To implement client-server architecture of the project was chosen Visual C# and .NET Remoting technology that has proved itself as reliable architecture for many years.

    In most cases with .NET Remoting is used the classic scenario: a client initiates a connection to the server over TCP (or HTTP) channel, registers and then periodically calls a function on it to send/receive data he is needed. This approach solves most of the requirements identified in the task, except for two things: fast message delivery and minimizing traffic.

    Client ---------------> Server

    To implement these two requirements the classical scenario has been changed as follows: the client initiates a connection to the server via TCP channel, registers and enters standby mode (listening). When the server receives messages from the client, the server according to a list of recipients initiate a connection back to these clients and calls the appropriate function on the remote client (server and client are reversed).

    Client --------------> Server
    Client <-------------- Server

    As a result, there is no need for frequent access of the client to the server for verification of incoming messages and, consequently, a traffic decrease in standby mode. The client contacts the server only to confirm its presence in the network. Frequency of confirmation is controlled by a timeout parameter in the configuration file. For example, during a timeout of 90 seconds the daily traffic between the client and the server is less than 150 Kb. To provide fast delivery of messages to large group of recipients the server engine has been implemented to work in asynchronous multi-threaded mode on a competitive basis. The first tests showed a very good performance. For example, 6 testers simultaneously sent messages to 400 recipients. Total delivery time is about of 2-3 seconds (file server HP G5 with Windows 2003 R2 is used for testing purposes).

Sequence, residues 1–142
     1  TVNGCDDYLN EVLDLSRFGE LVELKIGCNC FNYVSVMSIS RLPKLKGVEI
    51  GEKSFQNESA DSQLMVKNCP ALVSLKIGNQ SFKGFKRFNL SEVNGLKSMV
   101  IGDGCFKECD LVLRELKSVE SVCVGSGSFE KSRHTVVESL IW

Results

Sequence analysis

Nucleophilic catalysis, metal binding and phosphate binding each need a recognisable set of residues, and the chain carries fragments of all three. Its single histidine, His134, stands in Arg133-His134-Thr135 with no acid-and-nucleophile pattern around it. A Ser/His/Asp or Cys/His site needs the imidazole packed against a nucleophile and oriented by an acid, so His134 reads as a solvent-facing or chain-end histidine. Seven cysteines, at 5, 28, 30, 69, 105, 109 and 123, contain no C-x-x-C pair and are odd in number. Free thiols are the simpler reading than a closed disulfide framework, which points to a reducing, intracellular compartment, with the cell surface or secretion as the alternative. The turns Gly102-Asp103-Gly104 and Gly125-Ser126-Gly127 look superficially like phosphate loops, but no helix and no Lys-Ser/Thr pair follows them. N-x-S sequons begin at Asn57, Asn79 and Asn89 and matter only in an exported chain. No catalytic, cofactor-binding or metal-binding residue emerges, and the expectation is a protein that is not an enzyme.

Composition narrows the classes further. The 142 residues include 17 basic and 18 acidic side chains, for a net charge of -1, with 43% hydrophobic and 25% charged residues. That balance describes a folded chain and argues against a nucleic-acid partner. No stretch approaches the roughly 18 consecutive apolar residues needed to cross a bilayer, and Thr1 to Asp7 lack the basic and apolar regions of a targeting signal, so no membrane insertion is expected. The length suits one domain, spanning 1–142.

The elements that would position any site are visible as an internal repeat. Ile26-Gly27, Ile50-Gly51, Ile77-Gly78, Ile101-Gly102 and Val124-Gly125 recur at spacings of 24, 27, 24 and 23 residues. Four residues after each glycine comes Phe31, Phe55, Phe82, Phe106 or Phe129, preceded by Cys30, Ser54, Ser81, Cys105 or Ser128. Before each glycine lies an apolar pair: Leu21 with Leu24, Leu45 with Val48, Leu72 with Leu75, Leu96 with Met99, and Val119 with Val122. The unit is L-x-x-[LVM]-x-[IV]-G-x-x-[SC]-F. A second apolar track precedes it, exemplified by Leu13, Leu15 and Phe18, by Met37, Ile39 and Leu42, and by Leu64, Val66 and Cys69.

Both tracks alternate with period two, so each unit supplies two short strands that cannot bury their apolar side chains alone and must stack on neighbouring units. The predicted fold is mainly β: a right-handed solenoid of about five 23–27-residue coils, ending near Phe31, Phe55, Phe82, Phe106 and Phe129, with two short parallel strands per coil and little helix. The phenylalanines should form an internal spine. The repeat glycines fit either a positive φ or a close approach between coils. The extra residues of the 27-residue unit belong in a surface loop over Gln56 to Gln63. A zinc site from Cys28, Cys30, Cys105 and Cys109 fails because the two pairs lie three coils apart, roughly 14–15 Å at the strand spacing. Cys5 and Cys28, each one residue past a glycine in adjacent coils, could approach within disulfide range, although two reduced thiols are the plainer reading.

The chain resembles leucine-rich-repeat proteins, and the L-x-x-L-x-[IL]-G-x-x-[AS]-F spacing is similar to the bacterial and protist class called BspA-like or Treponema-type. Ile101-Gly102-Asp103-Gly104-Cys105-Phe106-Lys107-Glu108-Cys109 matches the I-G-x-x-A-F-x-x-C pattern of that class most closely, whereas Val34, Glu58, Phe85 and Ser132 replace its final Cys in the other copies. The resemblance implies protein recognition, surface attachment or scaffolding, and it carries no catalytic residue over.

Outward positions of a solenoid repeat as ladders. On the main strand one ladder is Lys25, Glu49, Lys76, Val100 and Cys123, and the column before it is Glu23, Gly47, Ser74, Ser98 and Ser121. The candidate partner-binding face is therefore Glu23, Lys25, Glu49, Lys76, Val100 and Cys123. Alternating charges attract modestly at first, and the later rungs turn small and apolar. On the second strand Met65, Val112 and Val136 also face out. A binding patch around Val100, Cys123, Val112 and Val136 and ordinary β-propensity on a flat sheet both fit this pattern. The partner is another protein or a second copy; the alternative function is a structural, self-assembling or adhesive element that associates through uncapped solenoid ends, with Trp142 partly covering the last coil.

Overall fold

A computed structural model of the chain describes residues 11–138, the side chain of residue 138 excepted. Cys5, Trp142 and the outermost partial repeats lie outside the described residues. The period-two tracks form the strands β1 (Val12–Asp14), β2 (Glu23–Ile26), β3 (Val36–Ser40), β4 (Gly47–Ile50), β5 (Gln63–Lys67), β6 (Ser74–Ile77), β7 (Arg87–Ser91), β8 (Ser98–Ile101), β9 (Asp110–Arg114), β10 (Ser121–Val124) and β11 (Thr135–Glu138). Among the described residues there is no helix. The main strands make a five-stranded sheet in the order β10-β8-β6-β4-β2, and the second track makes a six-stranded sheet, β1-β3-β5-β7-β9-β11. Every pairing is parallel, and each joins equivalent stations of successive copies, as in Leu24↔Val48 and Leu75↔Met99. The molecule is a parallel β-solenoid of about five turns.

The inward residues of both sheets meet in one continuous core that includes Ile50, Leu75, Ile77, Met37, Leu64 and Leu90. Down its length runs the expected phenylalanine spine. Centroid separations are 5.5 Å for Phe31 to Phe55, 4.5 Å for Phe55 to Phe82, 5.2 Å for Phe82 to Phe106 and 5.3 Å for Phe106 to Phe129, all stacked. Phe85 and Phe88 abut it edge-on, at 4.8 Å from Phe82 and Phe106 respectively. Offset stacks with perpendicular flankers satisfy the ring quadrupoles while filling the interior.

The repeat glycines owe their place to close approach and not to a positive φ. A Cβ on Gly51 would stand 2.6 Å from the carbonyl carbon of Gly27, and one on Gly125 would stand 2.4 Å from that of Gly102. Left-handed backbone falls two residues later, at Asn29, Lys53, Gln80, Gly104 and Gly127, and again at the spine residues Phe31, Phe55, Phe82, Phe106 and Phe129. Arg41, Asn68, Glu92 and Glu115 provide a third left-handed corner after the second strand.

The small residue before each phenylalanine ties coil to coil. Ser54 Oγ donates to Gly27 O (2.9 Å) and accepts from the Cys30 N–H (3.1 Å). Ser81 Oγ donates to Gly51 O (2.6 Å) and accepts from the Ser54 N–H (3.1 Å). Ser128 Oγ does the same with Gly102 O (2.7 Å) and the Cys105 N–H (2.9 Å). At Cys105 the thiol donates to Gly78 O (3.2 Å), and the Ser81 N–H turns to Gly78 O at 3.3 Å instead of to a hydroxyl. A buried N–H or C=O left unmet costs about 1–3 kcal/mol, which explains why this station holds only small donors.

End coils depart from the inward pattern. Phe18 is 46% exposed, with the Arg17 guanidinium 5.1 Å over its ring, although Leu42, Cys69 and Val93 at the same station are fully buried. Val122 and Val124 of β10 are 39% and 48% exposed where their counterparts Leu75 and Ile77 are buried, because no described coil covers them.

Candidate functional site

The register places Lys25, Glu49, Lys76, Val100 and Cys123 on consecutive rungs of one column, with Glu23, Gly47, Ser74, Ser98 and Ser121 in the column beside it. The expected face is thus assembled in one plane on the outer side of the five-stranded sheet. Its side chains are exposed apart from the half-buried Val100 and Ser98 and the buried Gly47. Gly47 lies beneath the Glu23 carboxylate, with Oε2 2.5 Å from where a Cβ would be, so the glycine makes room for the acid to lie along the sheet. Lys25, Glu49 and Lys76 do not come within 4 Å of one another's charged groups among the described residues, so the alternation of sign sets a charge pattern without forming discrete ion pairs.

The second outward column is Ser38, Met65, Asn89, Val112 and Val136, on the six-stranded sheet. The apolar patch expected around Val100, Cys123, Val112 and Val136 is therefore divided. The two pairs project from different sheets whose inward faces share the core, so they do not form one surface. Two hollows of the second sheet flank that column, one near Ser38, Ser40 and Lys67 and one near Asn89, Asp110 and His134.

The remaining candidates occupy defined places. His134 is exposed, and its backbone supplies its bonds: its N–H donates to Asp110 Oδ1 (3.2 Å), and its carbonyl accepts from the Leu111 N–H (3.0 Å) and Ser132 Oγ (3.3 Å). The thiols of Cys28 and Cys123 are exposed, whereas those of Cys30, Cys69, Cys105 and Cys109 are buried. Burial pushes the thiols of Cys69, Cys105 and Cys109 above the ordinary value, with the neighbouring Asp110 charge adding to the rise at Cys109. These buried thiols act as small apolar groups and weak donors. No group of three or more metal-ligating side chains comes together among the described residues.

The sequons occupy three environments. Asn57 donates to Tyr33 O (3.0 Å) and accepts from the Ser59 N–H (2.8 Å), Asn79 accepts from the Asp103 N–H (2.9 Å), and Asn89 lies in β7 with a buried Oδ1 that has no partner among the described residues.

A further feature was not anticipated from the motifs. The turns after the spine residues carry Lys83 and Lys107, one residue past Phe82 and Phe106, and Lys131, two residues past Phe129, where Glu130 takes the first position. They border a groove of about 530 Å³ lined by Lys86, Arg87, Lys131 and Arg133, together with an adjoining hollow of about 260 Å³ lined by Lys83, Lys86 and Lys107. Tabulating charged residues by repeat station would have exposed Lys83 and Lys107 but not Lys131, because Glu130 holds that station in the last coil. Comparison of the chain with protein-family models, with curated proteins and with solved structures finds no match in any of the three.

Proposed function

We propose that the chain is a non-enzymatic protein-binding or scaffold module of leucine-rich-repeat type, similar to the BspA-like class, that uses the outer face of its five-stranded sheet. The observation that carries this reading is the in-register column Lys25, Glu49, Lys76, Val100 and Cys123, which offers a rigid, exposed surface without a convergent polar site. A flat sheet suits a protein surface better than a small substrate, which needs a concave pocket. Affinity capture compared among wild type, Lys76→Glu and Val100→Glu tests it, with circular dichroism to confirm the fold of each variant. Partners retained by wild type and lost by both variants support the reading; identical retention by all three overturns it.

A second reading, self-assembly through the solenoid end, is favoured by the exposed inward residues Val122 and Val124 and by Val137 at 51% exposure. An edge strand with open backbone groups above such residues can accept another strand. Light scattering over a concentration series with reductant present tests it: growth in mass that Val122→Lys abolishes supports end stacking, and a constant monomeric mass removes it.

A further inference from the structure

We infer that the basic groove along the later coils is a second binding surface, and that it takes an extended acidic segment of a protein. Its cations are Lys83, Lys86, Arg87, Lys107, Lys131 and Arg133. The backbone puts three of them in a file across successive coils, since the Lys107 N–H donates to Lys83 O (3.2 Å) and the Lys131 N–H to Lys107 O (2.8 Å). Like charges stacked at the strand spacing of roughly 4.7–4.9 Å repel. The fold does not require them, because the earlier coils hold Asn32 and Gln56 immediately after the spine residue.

* In 2015 the company had already more than 900 employees, but the performance of RSend remained at the same level.

    The developed algorithm was fully matched to the task. It remained to implement the user interface and come up with the name of the program. After a brief hesitation the program was called RSend (Remoting Send) in honor of .NET Remoting technology.

    A few new ideas were born during the development of the user interface: private groups, built-in filter and search, hotkeys, online help, multi-language interface and other. RSend deployment in production environments was performed by using group policies, and since September, 2012 RSend is successfully operated.

    For more information about RSend please refer to Administrator Guide and User Guide.

    Sincerely, Ihar Hrunt
    MCSD App Builder
    MCSA Windows Server 2012

    P.S. I want to thank Vladimir for the idea of developing RSend and Vasilets Sergey whose advices helped to make RSend interface user-friendly.